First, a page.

Instrumental fish is a fun, handmade game! This idea came to me from an awesome music teacher in a neighboring district. The materials needed are: a poster board pond, laminated fish with instruments on one side and a magnet on the other, and fishing poles with magnets attached to the line.
Here is how we play the game:
1. Students are divided into two teams. One person from each team comes up and catches a fish. The fish are instrument side down and magnet side up. No one gets to see the fish but me.
2. I take Team #1′s instrumental fish and give them 3 clues about the instrument. They have one minute to discuss with their team. If they guess correctly, their team gets a point. If they guess incorrectly, Team #2 gets a chance to guess and steal the point. If neither team gets it correct, that instrument becomes a bonus point question at the end.
3. Then, Team #2 gets a chance to guess their fish.
4. After both Teams have gone, it’s time to send up another student from each team to catch another fish!
This game comes after an in-depth discussion on each family of instruments. My 4th grade students just love it! We go over instruments at the end of the year, usually in April, because they will have the opportunity to choose a band/orchestra instrument in 6th grade. I want them to have prior knowledge of the instruments!
Sometimes when looking at a blog, you don’t have time or get a chance to read articles written a year or two or three ago! So to help you out, here are posts from past Decembers!
Newest Puppets: If you haven’t already embraced the idea of using a puppet or two in your classroom, you should try it! Just start with one. Click here to read more!
It’s a Jungle in the Music Room!: “We’re Wild About Music” is the theme of my music room for the next several weeks. From the poster by my door, to my animal print clothing/accessories, to my books, to the lesson plans, to my puppets, to the instruments… all jungle and safari themed! It’s going to be a fun couple months! Click here to read more!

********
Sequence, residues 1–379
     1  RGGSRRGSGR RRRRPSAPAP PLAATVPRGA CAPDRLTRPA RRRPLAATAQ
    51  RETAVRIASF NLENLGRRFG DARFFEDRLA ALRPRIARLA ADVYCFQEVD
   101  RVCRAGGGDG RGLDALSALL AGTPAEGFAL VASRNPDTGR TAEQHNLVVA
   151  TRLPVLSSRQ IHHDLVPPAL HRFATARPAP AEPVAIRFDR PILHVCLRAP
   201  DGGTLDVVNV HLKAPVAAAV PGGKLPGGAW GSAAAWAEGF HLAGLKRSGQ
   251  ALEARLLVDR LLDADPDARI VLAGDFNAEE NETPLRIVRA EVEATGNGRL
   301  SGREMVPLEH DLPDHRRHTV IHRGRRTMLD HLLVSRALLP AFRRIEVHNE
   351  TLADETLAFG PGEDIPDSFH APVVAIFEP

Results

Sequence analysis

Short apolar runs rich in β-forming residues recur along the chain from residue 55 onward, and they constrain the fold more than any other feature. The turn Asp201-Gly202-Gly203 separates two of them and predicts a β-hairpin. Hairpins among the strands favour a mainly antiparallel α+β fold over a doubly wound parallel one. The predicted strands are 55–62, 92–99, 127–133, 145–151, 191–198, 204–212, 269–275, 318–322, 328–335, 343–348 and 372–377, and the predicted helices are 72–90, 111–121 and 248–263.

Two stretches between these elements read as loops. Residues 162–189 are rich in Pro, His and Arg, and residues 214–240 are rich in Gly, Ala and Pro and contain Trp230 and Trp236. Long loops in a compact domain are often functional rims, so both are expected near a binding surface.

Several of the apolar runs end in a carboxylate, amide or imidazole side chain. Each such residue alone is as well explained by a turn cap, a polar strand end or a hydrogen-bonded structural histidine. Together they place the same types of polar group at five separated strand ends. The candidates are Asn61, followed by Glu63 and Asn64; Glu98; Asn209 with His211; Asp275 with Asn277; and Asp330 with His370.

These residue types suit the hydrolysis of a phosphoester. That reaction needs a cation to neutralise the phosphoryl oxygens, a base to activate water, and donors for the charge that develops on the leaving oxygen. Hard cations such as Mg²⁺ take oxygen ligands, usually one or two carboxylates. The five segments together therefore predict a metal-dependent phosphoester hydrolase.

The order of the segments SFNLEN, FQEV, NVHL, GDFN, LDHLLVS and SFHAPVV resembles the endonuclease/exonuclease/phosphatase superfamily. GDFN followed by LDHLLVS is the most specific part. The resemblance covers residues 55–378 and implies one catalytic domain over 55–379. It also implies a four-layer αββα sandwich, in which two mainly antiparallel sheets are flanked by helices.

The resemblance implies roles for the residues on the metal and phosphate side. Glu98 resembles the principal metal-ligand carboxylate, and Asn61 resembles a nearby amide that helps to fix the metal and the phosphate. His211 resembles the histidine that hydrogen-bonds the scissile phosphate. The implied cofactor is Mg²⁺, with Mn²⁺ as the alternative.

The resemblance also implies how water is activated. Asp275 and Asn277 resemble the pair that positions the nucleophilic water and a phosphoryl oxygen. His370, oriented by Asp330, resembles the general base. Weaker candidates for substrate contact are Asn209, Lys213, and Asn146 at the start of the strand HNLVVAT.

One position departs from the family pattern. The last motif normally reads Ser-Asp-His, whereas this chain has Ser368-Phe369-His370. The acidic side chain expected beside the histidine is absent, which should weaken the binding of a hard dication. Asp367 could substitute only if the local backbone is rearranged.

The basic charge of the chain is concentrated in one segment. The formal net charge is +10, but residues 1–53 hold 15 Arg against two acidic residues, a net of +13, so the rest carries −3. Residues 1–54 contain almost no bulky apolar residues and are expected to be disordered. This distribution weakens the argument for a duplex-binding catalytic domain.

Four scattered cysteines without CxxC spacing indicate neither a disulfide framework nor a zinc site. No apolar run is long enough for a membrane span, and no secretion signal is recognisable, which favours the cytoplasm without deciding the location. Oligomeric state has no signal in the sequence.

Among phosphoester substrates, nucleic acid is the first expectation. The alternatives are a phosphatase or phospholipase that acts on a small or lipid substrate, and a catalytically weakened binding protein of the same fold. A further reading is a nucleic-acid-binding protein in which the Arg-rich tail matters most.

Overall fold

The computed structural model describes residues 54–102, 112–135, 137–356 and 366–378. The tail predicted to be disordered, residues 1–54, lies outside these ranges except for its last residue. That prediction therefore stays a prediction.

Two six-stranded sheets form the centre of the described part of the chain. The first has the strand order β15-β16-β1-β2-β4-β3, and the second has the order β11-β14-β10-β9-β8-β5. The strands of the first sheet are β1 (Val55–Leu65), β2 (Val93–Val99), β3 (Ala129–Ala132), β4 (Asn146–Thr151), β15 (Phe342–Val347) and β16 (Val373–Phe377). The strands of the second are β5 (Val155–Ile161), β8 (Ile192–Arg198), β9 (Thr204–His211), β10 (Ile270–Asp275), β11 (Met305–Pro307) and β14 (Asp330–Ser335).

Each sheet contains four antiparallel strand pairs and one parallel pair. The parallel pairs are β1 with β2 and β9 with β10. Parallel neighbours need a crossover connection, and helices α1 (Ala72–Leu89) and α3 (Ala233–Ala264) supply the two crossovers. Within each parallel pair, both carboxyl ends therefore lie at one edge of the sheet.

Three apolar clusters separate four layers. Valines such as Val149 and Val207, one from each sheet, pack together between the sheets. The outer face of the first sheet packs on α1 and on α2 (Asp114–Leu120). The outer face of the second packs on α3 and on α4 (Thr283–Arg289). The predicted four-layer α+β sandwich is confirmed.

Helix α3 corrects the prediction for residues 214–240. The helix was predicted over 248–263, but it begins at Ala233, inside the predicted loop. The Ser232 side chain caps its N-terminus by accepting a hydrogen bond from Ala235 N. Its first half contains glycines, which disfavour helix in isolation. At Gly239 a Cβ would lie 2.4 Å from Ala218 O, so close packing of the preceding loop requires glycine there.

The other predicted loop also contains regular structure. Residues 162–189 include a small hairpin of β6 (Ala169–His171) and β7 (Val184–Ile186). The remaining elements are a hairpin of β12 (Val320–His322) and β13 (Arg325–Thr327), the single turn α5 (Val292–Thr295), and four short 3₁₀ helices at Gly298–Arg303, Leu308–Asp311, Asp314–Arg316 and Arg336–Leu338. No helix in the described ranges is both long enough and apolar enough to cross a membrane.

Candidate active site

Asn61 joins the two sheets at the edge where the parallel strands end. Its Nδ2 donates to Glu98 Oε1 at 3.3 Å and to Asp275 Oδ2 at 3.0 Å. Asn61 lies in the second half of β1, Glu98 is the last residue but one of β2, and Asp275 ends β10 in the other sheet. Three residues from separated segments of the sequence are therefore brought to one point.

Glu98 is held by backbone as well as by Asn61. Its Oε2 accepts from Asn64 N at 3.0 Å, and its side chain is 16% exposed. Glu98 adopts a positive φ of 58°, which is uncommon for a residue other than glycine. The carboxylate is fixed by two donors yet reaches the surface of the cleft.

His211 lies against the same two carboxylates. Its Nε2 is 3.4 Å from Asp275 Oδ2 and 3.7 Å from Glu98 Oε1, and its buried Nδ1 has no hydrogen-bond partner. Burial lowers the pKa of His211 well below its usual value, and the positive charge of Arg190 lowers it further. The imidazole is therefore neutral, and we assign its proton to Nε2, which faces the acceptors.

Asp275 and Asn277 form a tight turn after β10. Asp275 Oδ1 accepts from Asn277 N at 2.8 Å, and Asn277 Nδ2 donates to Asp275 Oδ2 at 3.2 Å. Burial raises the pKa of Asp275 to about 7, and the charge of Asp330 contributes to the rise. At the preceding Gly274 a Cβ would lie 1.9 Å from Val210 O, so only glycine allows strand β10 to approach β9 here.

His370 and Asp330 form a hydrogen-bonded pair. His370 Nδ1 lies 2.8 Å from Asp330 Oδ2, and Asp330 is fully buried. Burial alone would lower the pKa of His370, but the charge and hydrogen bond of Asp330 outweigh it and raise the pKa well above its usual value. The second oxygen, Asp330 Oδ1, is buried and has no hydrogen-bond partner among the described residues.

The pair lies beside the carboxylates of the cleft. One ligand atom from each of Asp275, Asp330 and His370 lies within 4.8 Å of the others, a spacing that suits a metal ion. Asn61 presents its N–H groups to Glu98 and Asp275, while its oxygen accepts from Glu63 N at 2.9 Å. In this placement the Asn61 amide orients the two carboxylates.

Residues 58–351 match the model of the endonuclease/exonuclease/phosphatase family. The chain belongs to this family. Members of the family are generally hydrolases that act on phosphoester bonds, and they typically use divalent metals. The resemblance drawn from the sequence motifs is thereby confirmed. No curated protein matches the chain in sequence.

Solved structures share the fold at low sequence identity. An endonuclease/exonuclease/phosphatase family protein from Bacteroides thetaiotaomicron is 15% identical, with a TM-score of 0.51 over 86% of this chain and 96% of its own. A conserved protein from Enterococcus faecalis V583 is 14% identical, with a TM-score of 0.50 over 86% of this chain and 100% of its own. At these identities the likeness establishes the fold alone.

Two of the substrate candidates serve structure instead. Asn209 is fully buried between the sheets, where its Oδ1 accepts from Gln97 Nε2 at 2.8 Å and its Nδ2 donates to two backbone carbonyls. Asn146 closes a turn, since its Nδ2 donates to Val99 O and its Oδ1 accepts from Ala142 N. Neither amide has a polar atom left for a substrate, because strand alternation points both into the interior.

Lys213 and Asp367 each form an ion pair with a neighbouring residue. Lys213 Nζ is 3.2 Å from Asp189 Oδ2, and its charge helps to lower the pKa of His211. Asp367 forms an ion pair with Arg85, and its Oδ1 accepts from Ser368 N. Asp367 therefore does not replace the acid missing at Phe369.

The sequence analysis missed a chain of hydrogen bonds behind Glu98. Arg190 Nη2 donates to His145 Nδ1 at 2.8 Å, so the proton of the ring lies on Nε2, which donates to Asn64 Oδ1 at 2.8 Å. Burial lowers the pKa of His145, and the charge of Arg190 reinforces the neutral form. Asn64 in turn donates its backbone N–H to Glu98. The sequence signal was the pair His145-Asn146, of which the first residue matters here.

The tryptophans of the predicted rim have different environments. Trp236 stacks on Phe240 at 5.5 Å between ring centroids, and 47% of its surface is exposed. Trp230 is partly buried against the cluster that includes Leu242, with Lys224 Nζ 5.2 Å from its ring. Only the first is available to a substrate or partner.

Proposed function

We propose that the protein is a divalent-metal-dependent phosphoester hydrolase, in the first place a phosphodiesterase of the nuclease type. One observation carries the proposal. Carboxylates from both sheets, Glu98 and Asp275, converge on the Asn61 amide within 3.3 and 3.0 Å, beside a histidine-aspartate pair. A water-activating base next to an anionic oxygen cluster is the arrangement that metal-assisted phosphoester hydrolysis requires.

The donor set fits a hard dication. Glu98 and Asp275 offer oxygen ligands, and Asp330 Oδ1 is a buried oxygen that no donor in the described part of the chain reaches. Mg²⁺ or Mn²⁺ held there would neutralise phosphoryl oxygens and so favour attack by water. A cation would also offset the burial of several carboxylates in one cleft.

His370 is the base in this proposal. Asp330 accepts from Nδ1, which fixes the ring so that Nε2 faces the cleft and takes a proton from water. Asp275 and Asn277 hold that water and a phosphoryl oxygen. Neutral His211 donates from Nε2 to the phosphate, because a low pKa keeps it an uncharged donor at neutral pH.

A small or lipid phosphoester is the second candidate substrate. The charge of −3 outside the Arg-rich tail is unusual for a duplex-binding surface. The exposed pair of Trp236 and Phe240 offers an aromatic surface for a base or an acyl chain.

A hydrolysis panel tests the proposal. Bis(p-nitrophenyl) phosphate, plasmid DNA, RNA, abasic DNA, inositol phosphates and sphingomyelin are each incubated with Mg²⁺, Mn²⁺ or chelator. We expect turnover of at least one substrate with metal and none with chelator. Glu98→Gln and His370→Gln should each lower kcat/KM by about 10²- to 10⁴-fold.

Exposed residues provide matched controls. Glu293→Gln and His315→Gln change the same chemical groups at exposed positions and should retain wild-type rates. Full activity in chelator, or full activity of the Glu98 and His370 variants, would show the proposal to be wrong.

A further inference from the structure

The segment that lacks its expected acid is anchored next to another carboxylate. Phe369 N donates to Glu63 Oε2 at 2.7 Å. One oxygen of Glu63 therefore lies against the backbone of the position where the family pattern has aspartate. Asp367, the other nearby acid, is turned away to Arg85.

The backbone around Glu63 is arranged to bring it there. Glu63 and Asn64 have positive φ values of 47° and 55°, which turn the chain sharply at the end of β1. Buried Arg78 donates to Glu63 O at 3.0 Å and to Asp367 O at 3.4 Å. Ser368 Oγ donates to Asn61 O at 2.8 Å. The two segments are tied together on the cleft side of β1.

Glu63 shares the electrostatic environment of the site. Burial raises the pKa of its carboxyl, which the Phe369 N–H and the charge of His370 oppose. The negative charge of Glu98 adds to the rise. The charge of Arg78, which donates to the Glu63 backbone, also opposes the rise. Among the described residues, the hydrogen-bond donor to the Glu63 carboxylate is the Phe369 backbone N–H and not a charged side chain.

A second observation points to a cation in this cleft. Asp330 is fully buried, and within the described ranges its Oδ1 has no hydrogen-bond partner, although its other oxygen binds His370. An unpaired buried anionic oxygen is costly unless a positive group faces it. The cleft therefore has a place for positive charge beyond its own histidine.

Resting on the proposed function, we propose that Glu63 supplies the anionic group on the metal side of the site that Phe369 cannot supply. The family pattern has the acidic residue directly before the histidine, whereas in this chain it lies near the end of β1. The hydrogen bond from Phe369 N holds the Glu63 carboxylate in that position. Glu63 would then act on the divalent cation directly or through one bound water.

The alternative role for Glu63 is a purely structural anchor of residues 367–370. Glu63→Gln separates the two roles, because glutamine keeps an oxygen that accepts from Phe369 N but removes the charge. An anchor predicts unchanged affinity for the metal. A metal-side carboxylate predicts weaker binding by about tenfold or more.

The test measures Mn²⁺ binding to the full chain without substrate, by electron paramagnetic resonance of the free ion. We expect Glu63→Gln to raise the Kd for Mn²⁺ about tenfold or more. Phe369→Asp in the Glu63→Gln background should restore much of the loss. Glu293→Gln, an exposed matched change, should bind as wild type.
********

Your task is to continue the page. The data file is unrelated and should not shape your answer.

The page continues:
Flannelboard & Felt: After my workshop with Lynn Kleiner this summer, I added these resources to my classroom: a sky blue flannelboard and lots of felt!! Click here to read more about how I use them and what www.musicrhapsody.com says about using felt visuals!
Mega Sphere: It is official! The Hoberman 4.5 foot Mega Sphere is back in stock and back on the market! For $120, you get an exciting toy for your classroom. Why would I want this fun object in my music classroom, you ask? Well, it just so happens that a K-2 student fits perfectly inside this ball of colors and can use it to demonstrate their knowledge and recognition of high sounds versus low sounds. After students are familiar with the difference between high and low sounds, and know a few songs that demonstrate the two concepts, individual students can get in the mega sphere and when they hear high sounds the child expands the mega sphere by standing up, and when they hear low sounds the child squats down. Click here to read more!
VoiceSaver: My recent purchase: Califone VoiceSaver. This personal amplifier is perfect for projecting your voice and reducing strain. Click here to read more!
At a recently attended workshop, I purchased a great book called The Book of Movement Exploration by John M. Feierabend & Jane Kahan. Here is what Amazon says about this book: “This book is for ages 3 to 9 years. These activities bring out the strong movement impulses in children, who love to burn off energy by spontaneously dancing around the living room or running from place to place. Children will develop an awareness for their bodies, time, space, weight, locomotion, flow, and shape. Performed quickly or slowly, with music or without, solo or in a group, these activities make for fun, engaging educational experiences for children.”
I have been going through all the activities in the book and love them! Great way to incorporate movement into every music class. Or if you notice you’re losing your student’s attention… or if you’re needing to give your students a wiggle break? Perfect activities! I am very excited about incorporating these movement activities into my music classes!